Whether you are grilling for the first time or the first time in a long while, it’s a good idea to review the propane gas grill safety tips at the beginning of the BBQ season.
Check Your Grill at the Beginning of Barbecue Season
- Check inside grill. Open the grill lid, and using a flashlight, check inside the grill area to make sure animals haven’t built a nest inside. Take the grate off and remove the burner covers to take a close look.
- Check the burner. Inspect the holes to make sure they’re not rusted out, causing big gaps where there will be excess gas.
- Check the propane tank. Look for visual damage such as dents or cracking. Check the valve and hose line for visual cracks.
- Check the system for leaks. Use a leak detector solution or 50/50 dish soap/water solution to check connections for leaks. Wipe down the cylinder and brush or spray around all the connection joints in the system. Open the cylinder valve a quarter-turn and watch for bubbles, which indicate a leak. If bubbles appear, turn the valve off, tighten the connection and check again.
- Position the grill in a safe location. Keep your grill outdoors and away from the house. Choose a level surface that is clear of outdoor furniture, overhead trees, eave of the house, or other potential fire hazards.
Transporting Propane Cylinders
Unless your grill connects directly into your home’s propane system, you’re likely to use a standard 20-pound propane cylinder to fuel your grill.
When transporting a propane cylinder, place it in the vehicle securely and upright so it can’t fall, shift or roll. (My husband puts our propane tank in a plastic milk crate to transport it. This way it doesn’t roll or move around in the trunk of the car or back of the SUV. There are also propane tank stabilizers.)
Never leave a propane tank in a hot vehicle; always head straight to your destination and remove the cylinder when you arrive. The heat in the car will make the pressure release valve to open and fill your car with propane vapor. If this happens, call the fire department.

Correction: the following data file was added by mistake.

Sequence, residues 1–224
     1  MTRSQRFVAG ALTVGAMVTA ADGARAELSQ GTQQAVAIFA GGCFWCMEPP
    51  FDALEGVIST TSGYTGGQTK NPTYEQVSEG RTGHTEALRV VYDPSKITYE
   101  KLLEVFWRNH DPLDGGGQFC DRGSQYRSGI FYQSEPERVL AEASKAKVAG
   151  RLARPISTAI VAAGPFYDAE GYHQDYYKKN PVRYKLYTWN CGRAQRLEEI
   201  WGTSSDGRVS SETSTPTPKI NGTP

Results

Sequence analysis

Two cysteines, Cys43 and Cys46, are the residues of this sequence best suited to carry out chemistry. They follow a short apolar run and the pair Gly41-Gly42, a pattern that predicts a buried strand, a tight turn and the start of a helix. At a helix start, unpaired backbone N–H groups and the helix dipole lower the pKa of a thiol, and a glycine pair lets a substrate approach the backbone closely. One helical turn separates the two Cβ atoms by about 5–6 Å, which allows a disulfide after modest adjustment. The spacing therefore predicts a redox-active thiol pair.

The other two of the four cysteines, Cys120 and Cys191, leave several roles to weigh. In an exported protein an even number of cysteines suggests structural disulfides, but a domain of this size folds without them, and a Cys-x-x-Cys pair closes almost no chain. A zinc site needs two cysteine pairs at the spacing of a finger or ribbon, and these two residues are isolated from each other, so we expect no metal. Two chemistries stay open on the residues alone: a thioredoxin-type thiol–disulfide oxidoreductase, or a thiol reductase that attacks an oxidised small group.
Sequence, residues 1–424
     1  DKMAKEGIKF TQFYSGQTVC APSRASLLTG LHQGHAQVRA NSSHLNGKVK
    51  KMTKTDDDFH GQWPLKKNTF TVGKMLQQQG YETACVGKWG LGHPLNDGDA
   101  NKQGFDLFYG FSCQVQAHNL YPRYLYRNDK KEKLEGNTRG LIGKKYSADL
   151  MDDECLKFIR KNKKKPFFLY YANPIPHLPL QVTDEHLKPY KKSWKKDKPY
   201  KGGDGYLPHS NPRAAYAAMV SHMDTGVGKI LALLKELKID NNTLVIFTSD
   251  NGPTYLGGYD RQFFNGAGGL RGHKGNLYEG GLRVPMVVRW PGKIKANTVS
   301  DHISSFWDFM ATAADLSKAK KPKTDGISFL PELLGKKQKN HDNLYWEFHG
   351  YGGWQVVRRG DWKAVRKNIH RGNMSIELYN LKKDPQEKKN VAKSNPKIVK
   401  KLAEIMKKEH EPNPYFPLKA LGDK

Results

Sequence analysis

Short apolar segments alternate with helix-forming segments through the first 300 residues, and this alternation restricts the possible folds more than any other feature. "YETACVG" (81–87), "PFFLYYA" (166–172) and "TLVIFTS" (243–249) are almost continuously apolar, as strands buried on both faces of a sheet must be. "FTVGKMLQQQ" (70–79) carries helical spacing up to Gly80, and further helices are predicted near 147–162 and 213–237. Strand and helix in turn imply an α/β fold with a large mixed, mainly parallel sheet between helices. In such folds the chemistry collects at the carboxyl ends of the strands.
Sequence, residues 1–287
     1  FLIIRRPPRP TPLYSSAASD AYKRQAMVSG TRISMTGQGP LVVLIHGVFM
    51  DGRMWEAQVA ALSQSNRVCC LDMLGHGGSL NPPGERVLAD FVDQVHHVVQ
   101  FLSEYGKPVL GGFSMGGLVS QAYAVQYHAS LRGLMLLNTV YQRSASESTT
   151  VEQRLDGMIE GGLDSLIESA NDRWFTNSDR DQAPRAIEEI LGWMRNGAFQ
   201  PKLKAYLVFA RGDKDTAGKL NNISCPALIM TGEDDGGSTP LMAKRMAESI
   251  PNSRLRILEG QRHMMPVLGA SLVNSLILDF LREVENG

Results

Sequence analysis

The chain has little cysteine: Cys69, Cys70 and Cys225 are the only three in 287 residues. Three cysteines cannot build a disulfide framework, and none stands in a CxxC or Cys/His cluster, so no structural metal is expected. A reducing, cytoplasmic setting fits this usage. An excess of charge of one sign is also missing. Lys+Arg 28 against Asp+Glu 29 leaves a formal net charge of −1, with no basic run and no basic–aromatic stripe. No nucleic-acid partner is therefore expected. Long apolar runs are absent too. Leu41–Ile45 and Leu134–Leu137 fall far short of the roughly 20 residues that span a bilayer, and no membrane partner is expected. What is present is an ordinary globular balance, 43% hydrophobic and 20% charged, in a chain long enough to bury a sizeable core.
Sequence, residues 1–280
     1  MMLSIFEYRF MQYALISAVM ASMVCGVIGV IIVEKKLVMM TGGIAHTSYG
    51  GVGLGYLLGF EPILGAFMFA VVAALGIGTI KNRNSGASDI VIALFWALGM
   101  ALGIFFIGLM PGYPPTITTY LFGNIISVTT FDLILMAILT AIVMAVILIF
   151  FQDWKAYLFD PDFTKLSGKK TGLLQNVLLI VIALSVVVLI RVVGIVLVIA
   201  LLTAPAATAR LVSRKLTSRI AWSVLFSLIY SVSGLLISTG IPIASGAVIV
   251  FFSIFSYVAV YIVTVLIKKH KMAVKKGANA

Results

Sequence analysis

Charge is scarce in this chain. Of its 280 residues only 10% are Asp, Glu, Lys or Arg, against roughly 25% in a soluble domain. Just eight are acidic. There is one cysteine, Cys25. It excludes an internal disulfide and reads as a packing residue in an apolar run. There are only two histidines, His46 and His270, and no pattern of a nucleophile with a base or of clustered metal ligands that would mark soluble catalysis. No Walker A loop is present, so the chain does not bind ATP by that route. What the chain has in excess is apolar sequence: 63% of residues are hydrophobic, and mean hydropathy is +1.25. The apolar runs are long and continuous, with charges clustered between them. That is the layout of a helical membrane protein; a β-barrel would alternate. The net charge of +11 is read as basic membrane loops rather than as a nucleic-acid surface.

Lighting Your Gas Grill
Always follow the manufacturer’s instructions in the booklet that came with your gas grill. If you can’t find it, they always have a copy online.
If your tank is 12 years or older it must be requalified before you can light it. The date is stamped on the metal safety ring around the valve.
Here are some basic guidelines to refresh your grill skills:
- Verify the grill is off. All knobs and switches should be turned to the off position, as well as the valve on the propane tank.
- Ensure a tight connection. When attaching the propane hose to the fitting on your grill, be cautious of cross-threading. Keep twisting by hand until the hose and fitting are as tightly sealed as possible to minimize the chance of leaks.
- Open lid. Never light your propane gas grill with the lid closed as the trapped fumes can ignite and cause an explosion.
- Turn on cylinder valve. Open the valve on the propane tank. Turn on the main control knob for your grill and press the igniter. If you don’t get a flame in 5 seconds, turn the control valve off, leave lid open and let it air out for 15 minutes before relighting.
- Propane smell test. Propane in its natural form is odorless. Rotten egg odor has been added for safety. If you notice a smell, make sure there is no source of flame or heat source. Turn off valve and have your propane tank serviced.
- No smoking. Do not smoke or have an open flame near a propane tank.
- Follow proper lighting procedures. Follow the manufacturer’s lighting instructions to generate a flame. Regardless of the grill model, keep the lid open and avoid leaning over the grill when lighting it.
- Follow proper relighting procedures. If your flame goes out, turn off the gas and refer to your owner’s manual. At a minimum, keep the lid open and wait at least 15 minutes before relighting.
- Be present. Stay close and never leave your grill unattended.
Turning Grill Off After Use
- While the flame is still burning in the grill, with lid open, turn the valve off on the propane tank cylinder.
- Let the system drain of propane until the flame goes out on the burner. (You will hear it.)
- Close control valve on the grill.
- Close barbecue lid.
Storing Propane Cylinders
Your propane cylinder can remain attached to the grill when not in use, but if you have extra cylinders that are not in use, it’s important to store them safely and properly.
Never store a small cylinder inside; it should always be kept outside, never in an enclosed area like a basement, garage, shed or tent.
Choose a location away from potential heat sources over 120 F, such as a stove or fireplace. Never store extra cylinders near the grill.
Keep ignition sources away from the area while handling or transporting a propane cylinder.
Find more tips for grilling safely this summer at propane.com.
Want more? See all of our barbecuing tips & tricks.
Be the neighborhood grillmaster with these BBQ tips & tricks from the pros who know. They show you the one important trick you need to know for grilling burgers, steaks, chicken and more.
Want more? See our BBQ recipes.
Want even more? See our new BBQ recipe & tips.
Sign up for our weekly magazine with all our new recipes, party ideas and ways to put more play in every day.